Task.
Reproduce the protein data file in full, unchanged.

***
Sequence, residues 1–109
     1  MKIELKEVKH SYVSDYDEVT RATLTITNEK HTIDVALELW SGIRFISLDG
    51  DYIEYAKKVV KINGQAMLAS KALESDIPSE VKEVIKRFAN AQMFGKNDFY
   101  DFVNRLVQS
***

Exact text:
Sequence, residues 1–109
     1  MKIELKEVKH SYVSDYDEVT RATLTITNEK HTIDVALELW SGIRFISLDG
    51  DYIEYAKKVV KINGQAMLAS KALESDIPSE VKEVIKRFAN AQMFGKNDFY
   101  DFVNRLVQS